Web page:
HRH Prince William Arthur Philip Louis was born on 21 June 1982, the firstborn child of Charles, The Prince of Wales and his wife of eleven months, the former Lady Diana Spencer. Catherine Elizabeth “Kate” Middleton was born on 9 January 1982, at the Royal Berkshire Hospital in Reading, Berkshire. The oldest of three children of Michael Francis Middleton, a flight dispatcher and Carole Elizabeth Goldsmith, a flight attendant.
Kate first met Prince William in 2001 when they were both studying at St Andrews, and both are living in St Salvator's Hall, university residence accommodation, in Fife, Scotland. By 2004, it was public that the couple had begun dating and they lived together during their second year of university. Whilst on a private holiday in Kenya in October 2010, Prince William proposed to Kate Middleton with his late mother Princess Diana’s engagement ring. The official announcement of their engagement was made from Clarence House on 16 November 2010.
William presented Kate with his mother’s engagement ring, a platinum ring set with a large oval sapphire and fourteen diamonds, originally made by royal jewellers Garrard & Company. This is a ring that Diana had selected for herself.
The 12-carat oval Ceylon sapphire is surrounded with 14 solitaire diamonds and set in 18-karat white gold and was inspired by a sapphire-and-diamond cluster brooch gifted by Prince Albert in 1840 to Queen Victoria as a wedding present.
Kate had two dresses for her wedding, though few remember the second, which she wore for the evening reception. William and Harry wore military attire custom-made for the day with sweat-wicking materials, in the hope of keeping them cool in Westminster Abbey.
Kate wore a stunning custom designed wedding dress from the fashion house of Alexander McQueen. It much anticipated dress was a Victorian-inspired design made by the British designer, Sarah Burton. It had a full skirt and a fitted bodice, with lace sleeves and panelling which created a v-neck style. In the stitching of the bodice, there was a lace pattern which featured the design of a rose, thistles and shamrock, representing Britain. Her shoes were also from Alexander McQueen, being ivory satin heels hand-embroidered with additional lace by the Royal School of Needlework.
Kate’s second dress, for the evening wedding reception, was a floor-length ivory satin gazar gown with a diamante-embroidered waistband, sweetheart neckline paired with a cream-coloured angora bolero jacket was also designed by Sarah Burton.
Kate’s veil was nine feet long and was held in place by a Cartier halo tiara borrowed from the Queen, who received it on her 18th birthday, though her father had initially given it to his wife. The delicate diamond tiara was securely fastened, by literally sewing it into Kate’s hair.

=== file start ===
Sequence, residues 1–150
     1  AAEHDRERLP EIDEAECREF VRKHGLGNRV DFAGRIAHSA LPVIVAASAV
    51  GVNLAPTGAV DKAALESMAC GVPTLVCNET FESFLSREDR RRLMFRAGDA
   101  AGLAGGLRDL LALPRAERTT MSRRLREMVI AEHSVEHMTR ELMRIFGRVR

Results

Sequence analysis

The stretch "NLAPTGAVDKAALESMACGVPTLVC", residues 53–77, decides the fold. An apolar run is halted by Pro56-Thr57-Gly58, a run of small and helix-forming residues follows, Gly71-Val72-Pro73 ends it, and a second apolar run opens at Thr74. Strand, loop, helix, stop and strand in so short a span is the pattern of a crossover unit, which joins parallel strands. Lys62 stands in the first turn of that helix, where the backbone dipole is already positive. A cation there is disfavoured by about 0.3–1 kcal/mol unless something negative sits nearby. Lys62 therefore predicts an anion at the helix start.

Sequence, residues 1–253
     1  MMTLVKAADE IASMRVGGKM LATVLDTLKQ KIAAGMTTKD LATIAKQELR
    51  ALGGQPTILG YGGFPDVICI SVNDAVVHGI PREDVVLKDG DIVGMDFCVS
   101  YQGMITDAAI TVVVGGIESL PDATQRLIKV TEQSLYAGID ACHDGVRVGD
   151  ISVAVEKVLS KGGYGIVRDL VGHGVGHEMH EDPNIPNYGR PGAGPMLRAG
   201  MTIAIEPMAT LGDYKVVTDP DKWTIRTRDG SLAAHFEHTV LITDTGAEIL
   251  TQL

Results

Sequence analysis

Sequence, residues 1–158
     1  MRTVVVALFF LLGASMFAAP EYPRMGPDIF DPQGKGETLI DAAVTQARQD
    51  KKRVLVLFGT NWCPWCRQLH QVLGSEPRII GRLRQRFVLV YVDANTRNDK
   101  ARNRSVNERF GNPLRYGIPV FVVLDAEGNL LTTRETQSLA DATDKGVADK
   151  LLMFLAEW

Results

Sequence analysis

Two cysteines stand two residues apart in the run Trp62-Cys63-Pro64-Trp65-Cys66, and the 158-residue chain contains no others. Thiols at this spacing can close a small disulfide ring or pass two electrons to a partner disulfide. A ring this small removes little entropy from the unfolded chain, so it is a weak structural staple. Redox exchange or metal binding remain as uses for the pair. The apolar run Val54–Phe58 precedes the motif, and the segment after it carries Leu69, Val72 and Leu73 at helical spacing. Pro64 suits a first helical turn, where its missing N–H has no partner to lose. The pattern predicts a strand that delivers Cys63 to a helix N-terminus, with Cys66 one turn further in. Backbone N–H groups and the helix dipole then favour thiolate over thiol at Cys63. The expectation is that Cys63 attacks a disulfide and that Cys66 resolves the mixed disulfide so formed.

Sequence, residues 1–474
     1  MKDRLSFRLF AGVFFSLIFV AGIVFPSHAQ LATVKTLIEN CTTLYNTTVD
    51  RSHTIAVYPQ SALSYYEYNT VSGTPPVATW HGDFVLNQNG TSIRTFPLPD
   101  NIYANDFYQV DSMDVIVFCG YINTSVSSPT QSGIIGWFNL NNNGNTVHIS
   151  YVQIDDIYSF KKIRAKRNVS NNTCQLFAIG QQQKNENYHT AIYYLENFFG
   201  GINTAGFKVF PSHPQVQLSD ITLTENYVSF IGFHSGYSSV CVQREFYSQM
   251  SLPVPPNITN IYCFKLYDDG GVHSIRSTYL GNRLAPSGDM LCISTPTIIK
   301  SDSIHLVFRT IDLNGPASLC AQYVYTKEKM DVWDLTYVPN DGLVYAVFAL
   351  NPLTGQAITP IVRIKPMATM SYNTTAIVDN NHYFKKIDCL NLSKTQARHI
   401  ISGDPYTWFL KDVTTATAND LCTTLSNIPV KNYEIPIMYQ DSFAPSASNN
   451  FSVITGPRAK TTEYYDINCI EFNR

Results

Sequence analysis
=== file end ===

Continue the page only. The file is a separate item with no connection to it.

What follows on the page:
Kate’s bouquet contained hyacinth, lily of the valley and myrtle, the latter symbolising love and marriage and the flower named Sweet William. The same bush planted by Queen Victoria at Osborne House in 1845 has supplied myrtle to multiple royal bouquets, including Queen Elizabeth's. The budget for all the floral décor for the wedding came in at £800,000. The trees were replanted on Prince Charles’ private estate in Wales.
Kate's wedding band is made of Welsh gold. William’s personal preference was not to have a ring of his own.
Kate and William had four bridesmaids and two page-boys. The best man was Prince Harry of Wales, brother of the groom and the Maid of Honour was Philippa“Pippa” Middleton, sister of the bride
On Friday 29 April 2011 at 11:00 the wedding ceremony for HRH Prince William of Wales and Miss Catherine Middleton began in Westminster Abbey. The service was televised and watched live by around two billion viewers worldwide. Nearly 2,000 people were in the Abbey itself to watch the ceremony, with nobles and dignitaries as well as celebrities including David and Victoria Beckham, Sir Elton John and David Furnish, and Joss Stone.
Miss Middleton travelled to the Abbey by car with her father from the Goring Hotel, down The Mall to Parliament Square. Together, they walked down the Abbey aisle, which was lined with eight 20 feet-high trees six being English Field Maple and two Hornbeam.
The wedding was a "semi-state wedding”, rather than a formal state occasion because William was not the sovereign or a direct heir to the throne at the time. The Dean of Westminster conducted the service, the Archbishop of Canterbury married the couple, and the Bishop of London gave the address.
After the ceremony, the newly married couple, now the Duke and Duchess of Cambridge, travelled in a horse-drawn carriage procession to Buckingham Palace for a reception and were greeted along the streets by members of the public.
Prior to the reception hosted by the Queen, there was a private photo session for the wedding party and family, and then the bride and groom greeted their 650 guests.
The Lunchtime Wedding Reception
When at Buckingham Palace, the Duke and Duchess of Cambridge appeared on the balcony for an RAF flypast, two kisses and one infamously grumpy bridesmaid who didn’t like all the noise.
Two cakes were served, a wedding cake and at Prince William’s request, a chocolate biscuit cake. The wedding cake was made from 17 individual fruit cakes and had eight tiers, decorated with a range of flowers symbolising the national symbols of the four UK countries, as well as symbols of love, strength, endurance and all you could wish for a newlywed couple.
The Evening Wedding Reception
In the evening, Prince Charles hosted an evening wedding reception at Buckingham Palace for 300 of the Duke and Duchess of Cambridge’s closest friends and family. It was at this event that the Duchess of Cambridge changed into her second dress and William wore a black tie and dinner jacket.